Review: To Steve With Love: Liz Callaway Celebrates Sondheim at Kennedy Center

Liz Callaway embodies and breathes the essence of Stephen Sondheim.

By: Jan. 23, 2024
Review: To Steve With Love: Liz Callaway Celebrates Sondheim at Kennedy Center
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Liz Callaway embodies and breathes the essence of Stephen Sondheim. In the very personal and professional tribute concert To Steve With Love: Liz Callaway Celebrates Sondheim, there is an utter fusion of the performer’s love and respect for her musical mentor and the choice and intimate presentation of the Sondheim songs that Ms. Callaway interprets.

The evening of Sondheim at Kennedy Center’s Terrace Theater unfolded like a theatrical valentine to Sondheim, with exceptional fluidity and polish. Quicksilver transitions from dramatic and comedic interludes to the actual songs are managed so deftly by renowned singer and actress/Broadway veteran Liz Callaway that I felt as if I was being whisked away on a voyage of musical discovery and emotional reminiscing.

A rush of emotions came over me, as Ms. Callaway spoke of her experience seeing Company for the first time and of being cast in the original production of Merrily, We Roll Along. I was reminded of my early (and now “life-long”) love affair with Sondheim and being cast in the first U.S. community theatre production of A Little Night Music after the Broadway run.

Dressed in a striking black ensemble, Ms. Callaway’s crystalline clear vocal tones were backed by an excellent three-piece instrumental ensemble with Alex Rybeck on piano, Ritt Henn on bass and Ron Tierno on drums.

The opening number “Broadway Baby” (from Follies) was sung with dry wit as Ms. Callaway interspersed narrative snippets about the coincidence of the Alvin Theatre being the same theatre where she saw the original cast of Company and where she also opened in Merrily, We Roll Along.

Ms. Callaway’s renditions of “Old Friends” and “Like It Was” (from Merrily We Roll Along) were full of authenticity and charm.

The ultimate New York city “survivor” song “What More Do I Need?” was sung with a fiercely stoic attitude before Ms. Callaway launched into a vibrant and pulsating cover of the passionate “The Miller’s Son”.

“What Do We Do? We Fly!” (with Music by Richard Rodgers and Lyrics by Stephen Sondheim) from Do I Hear A Waltz, was a comic tour de force ---acted to the comedic hilt---about the anguish of flying.

From the little-known television special Evening Primrose, the songs of wistful dreaming of seeing the world “I Remember” and “Take Me To The World” were transcendently moving due to Ms. Callaway’s haunting vocals.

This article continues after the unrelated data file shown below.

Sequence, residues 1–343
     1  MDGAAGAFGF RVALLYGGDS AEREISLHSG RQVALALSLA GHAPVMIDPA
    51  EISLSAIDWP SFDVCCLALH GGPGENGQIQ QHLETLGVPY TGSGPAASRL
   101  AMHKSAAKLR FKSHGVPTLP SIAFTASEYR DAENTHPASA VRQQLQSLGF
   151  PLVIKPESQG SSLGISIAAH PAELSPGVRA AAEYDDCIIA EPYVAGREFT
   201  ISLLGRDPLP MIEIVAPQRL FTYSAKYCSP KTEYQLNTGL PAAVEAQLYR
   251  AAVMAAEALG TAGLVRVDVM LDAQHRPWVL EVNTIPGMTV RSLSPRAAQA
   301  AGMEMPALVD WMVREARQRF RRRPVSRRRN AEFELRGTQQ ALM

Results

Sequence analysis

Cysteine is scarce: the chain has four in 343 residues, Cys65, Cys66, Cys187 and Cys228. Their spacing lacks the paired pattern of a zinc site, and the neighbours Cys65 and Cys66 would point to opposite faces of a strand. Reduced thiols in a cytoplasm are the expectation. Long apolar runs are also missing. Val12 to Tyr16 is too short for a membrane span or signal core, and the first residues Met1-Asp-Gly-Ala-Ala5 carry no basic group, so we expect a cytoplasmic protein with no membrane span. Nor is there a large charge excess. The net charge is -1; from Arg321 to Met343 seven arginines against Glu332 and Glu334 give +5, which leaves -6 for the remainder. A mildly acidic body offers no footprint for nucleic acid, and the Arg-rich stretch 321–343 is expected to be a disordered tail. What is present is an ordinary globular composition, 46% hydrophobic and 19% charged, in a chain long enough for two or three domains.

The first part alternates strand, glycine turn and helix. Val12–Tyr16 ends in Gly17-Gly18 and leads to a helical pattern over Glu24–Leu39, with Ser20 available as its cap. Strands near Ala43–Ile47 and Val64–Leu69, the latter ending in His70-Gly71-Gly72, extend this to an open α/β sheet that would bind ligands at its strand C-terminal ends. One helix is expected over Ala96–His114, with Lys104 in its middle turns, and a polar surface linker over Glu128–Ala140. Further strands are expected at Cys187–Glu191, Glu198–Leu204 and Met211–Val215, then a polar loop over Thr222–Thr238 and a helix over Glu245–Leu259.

Differing ways of looking at the world between a mother and son were evoked by Ms. Callaway with a beautiful rendition of the soothing lullaby “Not While I’m Around “(from Sweeney Todd) and, in contrast, the pessimistic and fatalistic “Now You Know” (from Merrily We Roll Along).

Proof that Sondheim can write melodies as glorious as his lyrics (a retort to those who say Sondheim is not “hum-able”) was conveyed as Ms. Callaway sang the heartbreaking melodies of “In Buddy’s Eyes” (from Follies) and the rapturous “Loving You” (from Passion—sung to cries of “bravo”).

Ms. Callaway’s son, Nicholas Callaway Foster, joined with his mother onstage to sing the marvelous song of making choices “Move On” (from Sunday in the Park with George). This duet gained added emotional power with the interesting choice of pairing mother and son onstage.

“Another Hundred Lyrics”, with additional lyrics by Lauren Mayer, was another amusing arrangement that conveyed the comic chops of Ms. Callaway. The almost insane courage and stress inherent in singing Sondheim at times was accentuated with the melody of Sondheim’s “Another Hundred People” and the neurotic, frantic lyrics of “I’m Not Getting Married Today” intermixed with Ms. Mayer’s satiric ear for the obsessive yet extraordinarily rewarding wordplay of Sondheim.

The often interpreted “Send in the Clowns” has now been performed by almost every singer alive but Ms. Callaway gives it a fresh rendering here. Ms. Callaway emphasized the irony and dry farce of the piece with a very discerning ear.

The endearingly frank “With So Little To Be Sure Of” (from Anyone Can Whistle) was a fitting finale to this concert----for, indeed, the message inherent in Sondheim to hold on to what you know and love is highlighted throughout this perceptive concert.

The legacy of the legendary Stephen Sondheim was expressed by the talented Liz Callaway with nostalgia, affection, and a very human respect in this alternately delightful and moving concert.

Running Time: 75 minutes with no intermission

To Steve With Love: Liz Callaway Celebrates Sondheim was presented on Saturday, January 20, 2024 at 7:30pm at the Kennedy Center located at 2700 F Street, NW, Washington, DC 20566.

Photo Credit: Liz Callaway. Photo by Bill Westmoreland.